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i noticed something about the ears too.. like when the ears are kinda facing forward on the head? and they flop down.. is that what the whole high-set thing is orrr is it something else?
 

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Discussion Starter #14
Originally posted by JMM@Apr 1 2005, 04:46 PM
There are many styles of Maltese as breeder interpret the standard slightly differently and many are bred by unscrupulous people. Extremely fine boned dogs are not preferable and a reputable breeder breeds a dog to have some substance.
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I think your right. My first puppy missie was very thin boned small face. She had lack of pigment, and was very ill. She looked beuteful, but she did not feel that way.
the amount of medication she had to take. I always wondered why her nose never turned completly black. That was years befor I found this wonderful forum. Were i learned a lot . The breeder were I got her from may have been a BYB . They also had multpoos. So I alway wondered if she was mixed. But she never looked mixed.She had nice long silk coat untill she took ill and the medication made it fall out in some places. I did not do a lot of reasearch then . I found the breeder in the news papers and drove hours to get her. She was way yonger then 10 weeks I could put her in my pocket when I got her. She then turned out to be 7 pounds. Not a sturdy 7 pounds , no matter what you gave her to eat she looked thin. She was at the vet so offten it was ot funny., One thing Missie never had any tear staining. Chesey has never been sick she has only had a ear infection. She is only 6 month and still more sturdy then missie. chelsey looks completly differnent. The temperment is still the same.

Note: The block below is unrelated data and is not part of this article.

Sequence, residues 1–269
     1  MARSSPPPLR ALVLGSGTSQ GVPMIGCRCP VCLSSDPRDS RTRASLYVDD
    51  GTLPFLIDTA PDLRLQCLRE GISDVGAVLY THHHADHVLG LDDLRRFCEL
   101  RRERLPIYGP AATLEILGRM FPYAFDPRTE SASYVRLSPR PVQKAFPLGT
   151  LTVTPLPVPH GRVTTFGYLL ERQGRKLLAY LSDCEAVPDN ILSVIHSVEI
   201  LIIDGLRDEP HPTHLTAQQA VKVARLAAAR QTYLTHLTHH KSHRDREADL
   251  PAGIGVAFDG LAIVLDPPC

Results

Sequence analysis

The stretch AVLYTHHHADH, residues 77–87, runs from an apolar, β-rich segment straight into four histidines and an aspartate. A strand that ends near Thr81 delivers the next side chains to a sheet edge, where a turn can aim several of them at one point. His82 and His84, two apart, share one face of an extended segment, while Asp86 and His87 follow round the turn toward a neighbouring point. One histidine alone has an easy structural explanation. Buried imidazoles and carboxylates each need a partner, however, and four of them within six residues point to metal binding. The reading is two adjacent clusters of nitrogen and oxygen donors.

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Breeders I know evaluate them at birth and then 8 weeks. They hold back show potentials until 6 months for teeth and testicles.

Structure wise, usually what you see at 8 weeks is what you get IF you have a very experienced eye evaluating the pups. After that as they grow, they will look funny as the fronts and rears grow at slightly different rates so the dog may be high in the rear for a while as it grows. Sometimes the breeder will hold back a pup with a slightly weak top line or something like that to see how it turns out.

So, if I'm looking for a pet puppy, I'm looking for a breeder I can trust to be sure my dog is sound even if it may not be perfect. When looking for a show quality pup, I'm looking for the same thing in a breeder and then myself have specific qualities that I am after (a good front, a moderate head, not too tight tail set, etc.).
 

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On ears:

High ears sets are an issue. I've seen more and more of them from BYB and mill dogs. I'm sure in some of the mill dogs it is Westie influence. However, a Maltese is a spaniel and should have a drop ear (think of a Cocker Spaniel) with a fairly low set so that they blend somewhat with the rest of the coat. During puppyhood, the ears can look a little funny especially during teething. In general, many pups hold their ears higher when teething in many breeds.